The character trait Self-Directedness represents conscientiousness, responsibility, and self-acceptance, and is consistently high in medical students [5, 8]. Self-Directedness is shown to be the most beneficial trait contributing to life satisfaction and overall well-being [42]. Furthermore, the combination of high Self-Directedness and Persistence provides the strongest positive associations with Resilience [4, 7].

The character trait Cooperativeness predicted higher levels of and is strongly correlated with Ambiguity Tolerance. Cooperativeness represents patience, empathy, and agreeableness, which are key aspects of being tolerant of uncertainty. The association between ambiguity tolerance and Cooperativeness is manifested in empathy [23]. In contrast, Cooperativeness also predicted lower levels of Perfectionism-CoM. Perfectionism-CoM is the psychological trait of most concern in this study and the biggest threat to our students’ vulnerability to psychological distress. An important component of Cooperativeness is the degree to which a person is generally agreeable and empathic to others with a willingness to support without any self-serving purpose or self-centred nature [42]. Cooperativeness offers some protective element to becoming too focussed on self and the desire to be “perfect” – when perfection is unattainable and self-defeating.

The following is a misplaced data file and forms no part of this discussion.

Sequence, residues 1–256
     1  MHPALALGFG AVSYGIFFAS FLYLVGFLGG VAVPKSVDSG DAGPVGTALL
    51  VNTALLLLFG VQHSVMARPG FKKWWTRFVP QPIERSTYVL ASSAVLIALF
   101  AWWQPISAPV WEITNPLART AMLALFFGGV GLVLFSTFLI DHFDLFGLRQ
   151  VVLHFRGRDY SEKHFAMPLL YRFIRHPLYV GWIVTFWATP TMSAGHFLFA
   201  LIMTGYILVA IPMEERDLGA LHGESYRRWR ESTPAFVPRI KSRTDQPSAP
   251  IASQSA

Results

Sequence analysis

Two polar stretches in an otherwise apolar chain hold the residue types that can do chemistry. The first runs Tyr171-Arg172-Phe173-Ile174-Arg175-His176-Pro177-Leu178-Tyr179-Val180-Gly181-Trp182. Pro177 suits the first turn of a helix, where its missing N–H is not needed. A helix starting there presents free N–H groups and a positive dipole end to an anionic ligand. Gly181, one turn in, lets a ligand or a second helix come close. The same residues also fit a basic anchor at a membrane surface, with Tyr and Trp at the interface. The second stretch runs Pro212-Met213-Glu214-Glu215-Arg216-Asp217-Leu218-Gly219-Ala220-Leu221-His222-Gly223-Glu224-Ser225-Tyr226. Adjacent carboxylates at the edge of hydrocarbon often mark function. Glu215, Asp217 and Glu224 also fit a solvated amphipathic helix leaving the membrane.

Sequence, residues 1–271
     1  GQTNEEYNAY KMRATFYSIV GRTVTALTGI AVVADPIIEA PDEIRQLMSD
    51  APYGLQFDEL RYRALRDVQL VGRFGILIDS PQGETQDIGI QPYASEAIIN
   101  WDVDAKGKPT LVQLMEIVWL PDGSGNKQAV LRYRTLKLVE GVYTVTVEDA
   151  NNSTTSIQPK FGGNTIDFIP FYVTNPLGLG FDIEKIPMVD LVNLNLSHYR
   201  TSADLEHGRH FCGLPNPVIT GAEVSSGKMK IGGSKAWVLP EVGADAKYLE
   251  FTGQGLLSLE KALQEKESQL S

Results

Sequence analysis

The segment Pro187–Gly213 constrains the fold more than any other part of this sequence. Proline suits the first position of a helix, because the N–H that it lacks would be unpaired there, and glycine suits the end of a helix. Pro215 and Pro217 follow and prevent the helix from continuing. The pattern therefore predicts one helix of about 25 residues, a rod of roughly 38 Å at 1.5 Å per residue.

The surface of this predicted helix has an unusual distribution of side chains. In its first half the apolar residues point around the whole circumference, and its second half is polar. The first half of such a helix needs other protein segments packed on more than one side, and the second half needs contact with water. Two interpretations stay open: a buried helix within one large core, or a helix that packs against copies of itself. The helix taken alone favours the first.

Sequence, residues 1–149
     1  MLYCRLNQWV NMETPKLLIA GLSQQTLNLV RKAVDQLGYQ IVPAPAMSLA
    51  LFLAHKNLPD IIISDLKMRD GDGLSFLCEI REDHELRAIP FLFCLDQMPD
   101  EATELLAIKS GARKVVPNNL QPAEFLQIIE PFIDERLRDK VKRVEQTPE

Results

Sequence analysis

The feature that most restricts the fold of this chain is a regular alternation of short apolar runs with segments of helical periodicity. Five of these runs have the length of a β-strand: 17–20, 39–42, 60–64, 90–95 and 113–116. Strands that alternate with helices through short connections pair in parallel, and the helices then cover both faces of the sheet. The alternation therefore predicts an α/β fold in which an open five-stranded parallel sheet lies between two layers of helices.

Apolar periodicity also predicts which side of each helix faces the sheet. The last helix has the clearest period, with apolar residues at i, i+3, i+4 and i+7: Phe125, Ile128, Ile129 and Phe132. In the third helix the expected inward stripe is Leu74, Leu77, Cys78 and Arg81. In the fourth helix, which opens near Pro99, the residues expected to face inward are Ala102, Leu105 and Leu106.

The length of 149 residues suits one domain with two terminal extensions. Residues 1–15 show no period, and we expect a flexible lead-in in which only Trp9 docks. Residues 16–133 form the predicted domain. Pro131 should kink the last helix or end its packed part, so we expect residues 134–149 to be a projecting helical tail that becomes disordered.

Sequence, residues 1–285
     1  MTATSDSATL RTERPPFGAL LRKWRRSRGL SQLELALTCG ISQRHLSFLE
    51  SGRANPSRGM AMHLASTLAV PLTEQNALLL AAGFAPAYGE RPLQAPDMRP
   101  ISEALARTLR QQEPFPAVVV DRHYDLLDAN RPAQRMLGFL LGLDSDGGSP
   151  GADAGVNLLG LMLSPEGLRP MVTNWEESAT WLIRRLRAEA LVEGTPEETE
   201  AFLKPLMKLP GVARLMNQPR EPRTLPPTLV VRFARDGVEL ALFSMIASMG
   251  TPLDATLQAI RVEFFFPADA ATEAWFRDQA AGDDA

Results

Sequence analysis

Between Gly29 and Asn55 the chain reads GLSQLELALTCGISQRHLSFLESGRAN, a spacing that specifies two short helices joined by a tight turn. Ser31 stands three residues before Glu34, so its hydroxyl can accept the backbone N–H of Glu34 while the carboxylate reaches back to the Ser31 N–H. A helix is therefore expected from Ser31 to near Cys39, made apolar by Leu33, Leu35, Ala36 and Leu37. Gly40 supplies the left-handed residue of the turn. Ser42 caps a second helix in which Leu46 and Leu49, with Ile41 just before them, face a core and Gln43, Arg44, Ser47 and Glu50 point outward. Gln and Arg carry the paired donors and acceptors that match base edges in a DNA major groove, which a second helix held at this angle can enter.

Demographic associations with personality

The only demographic variable which was significant in the regression model was rural background which predicted higher levels of Calling to medicine. This finding has anecdotal support through stories of students from rural or underserved backgrounds that overcome hardships to attain a place in medicine. A “calling” aptly describes this circumstance. Otherwise, there were few significant differences in personality by demographics. While we found the usual trends with females higher than males in Harm Avoidance, Reward Dependence and Cooperativeness, these were not significant. Similar to a recent study, our international students scored significantly lower in Harm Avoidance and higher in Self-Directedness compared to their domestic classmates [43]. The combination of these two traits, while not decisive, may suggest more maturity in international students. This observation may reflect an influence due to a different educational background or a personal quality indicative of commitment to achieve their aims.

Personality is associated with levels of psychological traits in 1st-year.

Our findings confirm previously seen trends showing strong negative associations between Harm Avoidance with Resilience and Ambiguity Tolerance. Conversely, Ambiguity Tolerance and Resilience have strong positive associations with Persistence, Self-Directedness and Cooperativeness. These associations are important for medical students to consider early in their medical training. Improving individuals understanding of their personality, especially certain combinations of traits that may influence reactions or subsequent behaviour, can help develop self-awareness and recognise their personal strengths and weaknesses [9].

Levels of psychological traits changed over time